But now we introduce the Repugnant Conclusion’s big sister, the Lifespan Dilemma, which—at least in my own opinion—seems much worse.
To start with, suppose you have a 20% chance of dying in an hour, and an 80% chance of living for 1010,000,000,000 years -
Now I know what you’re thinking, of course. You’re thinking, “Well, 10^(10^10) years may sound like a long time, unimaginably vaster than the 10^15 years the universe has lasted so far, but it isn’t much, really. I mean, most finite numbers are very much larger than that. The realms of math are infinite, the realms of novelty and knowledge are infinite, and Fun Theory argues that we’ll never run out of fun. If I live for 1010,000,000,000 years and then die, then when I draw my last metaphorical breath—not that I’d still have anything like a human body after that amount of time, of course—I’ll go out raging against the night, for a life so short compared to all the experiences I wish I could have had. You can’t compare that to real immortality. As Greg Egan put it, immortality isn’t living for a very long time and then dying. Immortality is just not dying, ever.”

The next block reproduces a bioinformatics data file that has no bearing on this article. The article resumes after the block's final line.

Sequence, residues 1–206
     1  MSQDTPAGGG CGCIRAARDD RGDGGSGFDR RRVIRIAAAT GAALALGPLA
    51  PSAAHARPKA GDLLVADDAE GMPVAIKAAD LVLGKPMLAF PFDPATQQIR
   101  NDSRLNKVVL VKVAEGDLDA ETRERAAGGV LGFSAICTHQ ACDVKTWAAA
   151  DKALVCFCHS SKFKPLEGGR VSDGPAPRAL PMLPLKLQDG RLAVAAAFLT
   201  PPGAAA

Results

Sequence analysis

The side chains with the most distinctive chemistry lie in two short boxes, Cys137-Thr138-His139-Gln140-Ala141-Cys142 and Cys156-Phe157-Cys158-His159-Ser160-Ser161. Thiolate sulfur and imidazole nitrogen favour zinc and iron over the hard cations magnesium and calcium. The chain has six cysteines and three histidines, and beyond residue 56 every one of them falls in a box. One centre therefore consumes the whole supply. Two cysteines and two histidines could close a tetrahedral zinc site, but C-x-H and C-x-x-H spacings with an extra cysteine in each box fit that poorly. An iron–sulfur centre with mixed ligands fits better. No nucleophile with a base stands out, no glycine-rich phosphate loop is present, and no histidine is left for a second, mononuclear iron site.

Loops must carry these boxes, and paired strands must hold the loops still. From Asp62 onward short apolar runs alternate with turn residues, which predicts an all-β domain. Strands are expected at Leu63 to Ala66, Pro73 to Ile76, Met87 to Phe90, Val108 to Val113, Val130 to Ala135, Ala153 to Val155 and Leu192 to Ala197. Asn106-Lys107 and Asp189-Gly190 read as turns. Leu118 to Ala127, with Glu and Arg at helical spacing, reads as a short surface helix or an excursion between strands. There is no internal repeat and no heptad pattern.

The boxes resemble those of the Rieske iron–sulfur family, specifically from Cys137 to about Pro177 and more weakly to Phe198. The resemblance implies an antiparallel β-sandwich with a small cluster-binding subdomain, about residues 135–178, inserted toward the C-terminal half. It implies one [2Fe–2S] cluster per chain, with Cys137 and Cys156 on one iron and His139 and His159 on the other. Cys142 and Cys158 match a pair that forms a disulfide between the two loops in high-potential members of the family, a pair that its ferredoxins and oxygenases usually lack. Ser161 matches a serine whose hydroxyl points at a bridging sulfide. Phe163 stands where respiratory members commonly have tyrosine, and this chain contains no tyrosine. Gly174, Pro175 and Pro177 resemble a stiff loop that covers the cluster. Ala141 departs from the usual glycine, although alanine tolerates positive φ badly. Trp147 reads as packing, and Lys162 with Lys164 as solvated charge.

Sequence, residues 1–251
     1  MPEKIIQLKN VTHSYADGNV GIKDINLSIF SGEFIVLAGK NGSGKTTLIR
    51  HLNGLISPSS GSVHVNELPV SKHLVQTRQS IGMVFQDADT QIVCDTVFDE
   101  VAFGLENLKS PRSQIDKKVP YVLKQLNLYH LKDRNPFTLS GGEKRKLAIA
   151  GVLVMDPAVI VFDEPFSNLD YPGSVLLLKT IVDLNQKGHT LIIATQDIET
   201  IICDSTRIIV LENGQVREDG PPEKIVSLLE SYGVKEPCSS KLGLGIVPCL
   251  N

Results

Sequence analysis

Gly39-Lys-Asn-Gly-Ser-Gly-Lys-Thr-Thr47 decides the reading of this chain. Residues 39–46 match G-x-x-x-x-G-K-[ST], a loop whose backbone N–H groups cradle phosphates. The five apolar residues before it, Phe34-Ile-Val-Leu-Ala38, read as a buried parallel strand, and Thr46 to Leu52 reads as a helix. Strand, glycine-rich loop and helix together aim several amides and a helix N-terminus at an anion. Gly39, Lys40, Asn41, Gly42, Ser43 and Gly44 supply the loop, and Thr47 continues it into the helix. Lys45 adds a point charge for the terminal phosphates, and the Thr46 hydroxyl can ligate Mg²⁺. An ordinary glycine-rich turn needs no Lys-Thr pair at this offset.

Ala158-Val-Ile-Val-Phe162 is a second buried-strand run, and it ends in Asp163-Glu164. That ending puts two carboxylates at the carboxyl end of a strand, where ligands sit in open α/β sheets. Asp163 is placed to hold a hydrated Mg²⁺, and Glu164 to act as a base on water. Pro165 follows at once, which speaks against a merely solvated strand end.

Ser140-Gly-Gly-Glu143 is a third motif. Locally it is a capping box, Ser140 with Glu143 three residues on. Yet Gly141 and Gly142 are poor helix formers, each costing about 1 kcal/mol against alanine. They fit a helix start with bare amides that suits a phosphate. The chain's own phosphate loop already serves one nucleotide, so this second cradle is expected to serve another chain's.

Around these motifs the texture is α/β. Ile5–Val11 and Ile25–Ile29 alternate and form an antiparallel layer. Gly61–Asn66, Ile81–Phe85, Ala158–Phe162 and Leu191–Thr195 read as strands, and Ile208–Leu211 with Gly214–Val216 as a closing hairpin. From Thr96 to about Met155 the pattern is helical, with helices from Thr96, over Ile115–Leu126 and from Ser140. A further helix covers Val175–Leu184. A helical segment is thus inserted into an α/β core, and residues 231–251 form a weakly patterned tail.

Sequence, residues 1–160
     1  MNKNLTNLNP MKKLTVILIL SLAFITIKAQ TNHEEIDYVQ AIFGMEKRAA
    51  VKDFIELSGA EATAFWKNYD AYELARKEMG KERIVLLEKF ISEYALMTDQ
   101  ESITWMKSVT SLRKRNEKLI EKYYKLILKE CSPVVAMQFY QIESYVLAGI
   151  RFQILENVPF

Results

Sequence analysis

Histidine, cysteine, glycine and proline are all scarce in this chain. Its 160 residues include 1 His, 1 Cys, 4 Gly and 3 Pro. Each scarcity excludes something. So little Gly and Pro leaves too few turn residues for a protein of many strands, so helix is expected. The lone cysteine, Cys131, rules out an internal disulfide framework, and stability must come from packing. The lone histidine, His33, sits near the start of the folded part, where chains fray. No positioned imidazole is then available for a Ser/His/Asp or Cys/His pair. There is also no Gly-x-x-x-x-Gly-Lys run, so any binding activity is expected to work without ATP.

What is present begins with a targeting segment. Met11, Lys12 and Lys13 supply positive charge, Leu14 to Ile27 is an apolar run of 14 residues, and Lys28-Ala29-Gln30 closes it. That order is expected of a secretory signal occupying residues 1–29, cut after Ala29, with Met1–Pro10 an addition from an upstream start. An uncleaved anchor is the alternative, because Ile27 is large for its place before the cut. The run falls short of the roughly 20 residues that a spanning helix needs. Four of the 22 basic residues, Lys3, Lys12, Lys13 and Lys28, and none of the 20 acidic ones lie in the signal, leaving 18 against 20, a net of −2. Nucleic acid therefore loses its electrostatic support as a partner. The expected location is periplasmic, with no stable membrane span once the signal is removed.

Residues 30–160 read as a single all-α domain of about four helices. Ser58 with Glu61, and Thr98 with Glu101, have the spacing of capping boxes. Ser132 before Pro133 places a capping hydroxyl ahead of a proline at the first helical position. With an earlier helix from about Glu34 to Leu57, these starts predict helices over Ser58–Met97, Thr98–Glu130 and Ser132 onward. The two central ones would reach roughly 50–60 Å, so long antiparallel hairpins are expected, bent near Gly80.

Well, I can’t offer you real immortality—not in this dilemma, anyway. However, on behalf of my patron, Omega, who I believe is sometimes also known as Nyarlathotep, I’d like to make you a little offer.